WRITING: The Vomit Draft

Anyone not familiar with the term vomit draft might have a visceral reaction to the name. And to be fair, anyone reading a vomit draft might have a visceral reaction to it, as well. So what is a vomit draft, when would you write them, and why are they sometimes a pretty fantastic tool for writers?

A vomit draft is a first draft of a script that the writer pushes through in as little time as possible, caring not about quality or polish in the process. Depending on the strength of the outline and the writer’s connection to the project, a vomit draft can actually turn out pretty well, or it can recall its namesake: quick and dirty. They are actually a pretty common practice in television, or so I hear, and probably are the basis for most screenplays, as well.

It’s a common adage in screenwriting that it’s better to improve a bad draft than take forever to write a good one. The vomit draft is the natural extreme of this. If you can write a 60-page script in one night, then you have the rest of the days you would normally spend on the first draft to improving it for the second draft… and, worst case scenario, you have a draft that somebody can knock into shape should you fall ill or be forced to escape the country.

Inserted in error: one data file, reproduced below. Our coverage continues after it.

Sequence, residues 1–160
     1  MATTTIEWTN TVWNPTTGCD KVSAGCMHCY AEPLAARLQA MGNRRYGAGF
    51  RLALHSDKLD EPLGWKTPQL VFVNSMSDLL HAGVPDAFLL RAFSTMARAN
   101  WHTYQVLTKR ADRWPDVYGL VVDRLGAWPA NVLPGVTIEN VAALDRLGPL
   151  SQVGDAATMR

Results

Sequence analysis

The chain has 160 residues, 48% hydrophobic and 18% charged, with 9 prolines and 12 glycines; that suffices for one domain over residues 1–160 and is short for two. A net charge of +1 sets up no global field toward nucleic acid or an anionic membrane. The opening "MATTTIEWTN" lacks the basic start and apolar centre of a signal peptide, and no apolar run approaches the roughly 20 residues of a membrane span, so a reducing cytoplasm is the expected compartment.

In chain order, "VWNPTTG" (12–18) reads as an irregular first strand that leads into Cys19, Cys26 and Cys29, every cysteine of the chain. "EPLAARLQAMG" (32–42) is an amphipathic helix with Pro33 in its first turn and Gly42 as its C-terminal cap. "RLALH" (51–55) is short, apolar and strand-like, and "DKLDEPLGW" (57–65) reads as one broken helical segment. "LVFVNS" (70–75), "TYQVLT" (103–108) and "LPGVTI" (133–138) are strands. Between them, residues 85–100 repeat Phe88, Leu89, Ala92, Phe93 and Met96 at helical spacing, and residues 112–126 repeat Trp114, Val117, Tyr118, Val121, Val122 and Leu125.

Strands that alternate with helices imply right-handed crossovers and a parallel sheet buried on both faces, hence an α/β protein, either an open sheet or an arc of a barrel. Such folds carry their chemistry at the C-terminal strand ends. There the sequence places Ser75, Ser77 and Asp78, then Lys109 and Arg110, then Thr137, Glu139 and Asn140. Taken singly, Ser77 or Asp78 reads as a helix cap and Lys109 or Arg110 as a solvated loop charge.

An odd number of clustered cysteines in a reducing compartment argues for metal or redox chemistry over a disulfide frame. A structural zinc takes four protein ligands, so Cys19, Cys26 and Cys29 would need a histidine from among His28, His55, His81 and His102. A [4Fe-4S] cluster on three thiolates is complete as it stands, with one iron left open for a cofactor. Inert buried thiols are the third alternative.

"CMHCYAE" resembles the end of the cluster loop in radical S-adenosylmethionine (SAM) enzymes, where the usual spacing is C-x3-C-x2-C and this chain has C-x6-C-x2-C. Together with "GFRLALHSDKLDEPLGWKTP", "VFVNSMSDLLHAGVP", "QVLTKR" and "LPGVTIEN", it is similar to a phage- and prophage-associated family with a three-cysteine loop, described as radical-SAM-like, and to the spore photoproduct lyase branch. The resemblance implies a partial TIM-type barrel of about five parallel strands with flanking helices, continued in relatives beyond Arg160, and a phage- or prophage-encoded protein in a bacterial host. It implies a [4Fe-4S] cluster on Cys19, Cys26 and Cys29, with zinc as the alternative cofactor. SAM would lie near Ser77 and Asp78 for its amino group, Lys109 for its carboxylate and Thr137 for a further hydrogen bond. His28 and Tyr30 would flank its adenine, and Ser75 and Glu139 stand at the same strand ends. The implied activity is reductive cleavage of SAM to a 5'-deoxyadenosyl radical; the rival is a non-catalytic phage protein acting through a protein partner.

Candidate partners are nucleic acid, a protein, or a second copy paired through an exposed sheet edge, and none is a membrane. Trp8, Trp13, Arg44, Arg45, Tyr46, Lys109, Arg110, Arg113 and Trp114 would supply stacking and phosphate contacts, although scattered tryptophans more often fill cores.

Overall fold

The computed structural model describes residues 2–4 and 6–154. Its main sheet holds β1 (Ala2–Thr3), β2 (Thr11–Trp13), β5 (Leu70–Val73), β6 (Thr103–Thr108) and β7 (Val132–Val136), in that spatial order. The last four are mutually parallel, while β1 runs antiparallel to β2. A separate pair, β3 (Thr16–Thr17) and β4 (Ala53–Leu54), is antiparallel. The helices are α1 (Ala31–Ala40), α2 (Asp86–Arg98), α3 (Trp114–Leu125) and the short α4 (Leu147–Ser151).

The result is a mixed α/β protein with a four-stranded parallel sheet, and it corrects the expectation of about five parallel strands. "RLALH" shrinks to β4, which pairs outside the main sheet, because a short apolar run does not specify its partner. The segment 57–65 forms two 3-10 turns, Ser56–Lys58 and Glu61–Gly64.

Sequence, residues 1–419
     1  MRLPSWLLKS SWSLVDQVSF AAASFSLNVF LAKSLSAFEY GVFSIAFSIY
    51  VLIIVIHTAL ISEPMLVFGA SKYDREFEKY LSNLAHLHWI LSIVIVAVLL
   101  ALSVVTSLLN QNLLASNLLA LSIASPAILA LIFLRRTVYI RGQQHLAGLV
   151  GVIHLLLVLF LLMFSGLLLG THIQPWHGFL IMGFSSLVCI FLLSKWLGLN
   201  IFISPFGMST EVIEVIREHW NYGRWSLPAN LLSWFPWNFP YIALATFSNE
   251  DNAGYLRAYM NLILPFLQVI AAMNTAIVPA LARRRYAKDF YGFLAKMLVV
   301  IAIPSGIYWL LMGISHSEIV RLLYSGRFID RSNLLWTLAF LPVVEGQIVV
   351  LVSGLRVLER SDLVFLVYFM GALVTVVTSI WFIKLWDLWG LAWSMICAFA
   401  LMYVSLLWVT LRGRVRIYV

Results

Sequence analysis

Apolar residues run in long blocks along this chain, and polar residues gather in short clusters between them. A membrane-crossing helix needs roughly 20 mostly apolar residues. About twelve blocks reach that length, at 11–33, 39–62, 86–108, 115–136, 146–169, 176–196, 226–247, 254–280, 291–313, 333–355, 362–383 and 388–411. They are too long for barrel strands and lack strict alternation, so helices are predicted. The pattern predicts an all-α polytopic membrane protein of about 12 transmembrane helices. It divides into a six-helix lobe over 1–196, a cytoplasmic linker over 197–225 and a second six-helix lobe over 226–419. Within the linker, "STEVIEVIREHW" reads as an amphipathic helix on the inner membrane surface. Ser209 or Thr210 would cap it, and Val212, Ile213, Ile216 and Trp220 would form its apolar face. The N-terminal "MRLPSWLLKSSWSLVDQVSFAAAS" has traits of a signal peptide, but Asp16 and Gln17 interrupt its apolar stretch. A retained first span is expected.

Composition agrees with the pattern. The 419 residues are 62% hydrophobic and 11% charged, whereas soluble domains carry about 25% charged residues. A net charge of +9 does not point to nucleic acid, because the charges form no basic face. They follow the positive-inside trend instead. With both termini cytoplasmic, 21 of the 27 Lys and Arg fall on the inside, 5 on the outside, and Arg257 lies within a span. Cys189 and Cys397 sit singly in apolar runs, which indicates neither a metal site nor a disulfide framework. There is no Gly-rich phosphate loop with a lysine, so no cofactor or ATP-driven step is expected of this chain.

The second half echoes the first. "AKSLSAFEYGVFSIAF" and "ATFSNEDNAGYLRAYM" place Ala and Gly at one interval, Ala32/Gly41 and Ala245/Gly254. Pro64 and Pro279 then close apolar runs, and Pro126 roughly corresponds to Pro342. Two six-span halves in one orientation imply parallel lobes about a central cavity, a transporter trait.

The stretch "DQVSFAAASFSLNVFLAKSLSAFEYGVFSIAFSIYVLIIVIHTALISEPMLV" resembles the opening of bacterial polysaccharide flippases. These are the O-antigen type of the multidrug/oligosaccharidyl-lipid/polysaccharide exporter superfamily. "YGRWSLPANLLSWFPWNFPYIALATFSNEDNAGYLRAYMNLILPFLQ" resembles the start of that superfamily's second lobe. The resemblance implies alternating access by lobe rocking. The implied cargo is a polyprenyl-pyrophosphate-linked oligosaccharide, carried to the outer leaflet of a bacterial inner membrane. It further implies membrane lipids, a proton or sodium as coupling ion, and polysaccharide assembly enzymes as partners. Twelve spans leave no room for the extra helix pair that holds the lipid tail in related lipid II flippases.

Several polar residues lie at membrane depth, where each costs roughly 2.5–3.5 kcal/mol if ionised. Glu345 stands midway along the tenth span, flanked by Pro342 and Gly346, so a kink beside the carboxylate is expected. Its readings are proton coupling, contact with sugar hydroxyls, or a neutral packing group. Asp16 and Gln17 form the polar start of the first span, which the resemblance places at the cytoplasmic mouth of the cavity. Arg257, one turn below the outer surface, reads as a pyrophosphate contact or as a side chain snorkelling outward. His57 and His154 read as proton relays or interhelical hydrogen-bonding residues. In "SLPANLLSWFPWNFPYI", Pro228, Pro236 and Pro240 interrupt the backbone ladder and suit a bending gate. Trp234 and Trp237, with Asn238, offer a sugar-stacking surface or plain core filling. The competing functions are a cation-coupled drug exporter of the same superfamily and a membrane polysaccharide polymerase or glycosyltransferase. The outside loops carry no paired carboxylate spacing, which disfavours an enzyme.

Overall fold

I myself am divided on this. I think that having a draft complete is a great step for a writer on the way to having a really strong script, but I also have concerns that writing a vomit draft cements things potentially in the writer’s brain and makes them less flexible. After all, in many cases there are only so many ways you can improve a bad script. Unless you’ve trained your mind to be flexible even after completing a draft, there’s the chance that having the draft might make it harder to make sweeping needed changes. It’s definitely the practice that works best in Hollywood, but I don’t have the confidence to say it always produces better work.

That said. If your outline is comprehensive and strong, then a vomit draft contains few pitfalls. After all, you’re really just restructuring the outline into script format with placeholder dialogue. Also, if your script is heavily procedural, then a vomit draft would also likely be very helpful, because pacing out that story would likely come before the character story, which might be added in and perfected in the third and fourth drafts.

And vomit drafting, like all writing practices, relies on practice and your abilities as a writer. You should be able to look at a script and develop a plan for improvement, whether you wrote that draft in 6 hours or 6 weeks. Practice makes perfect.

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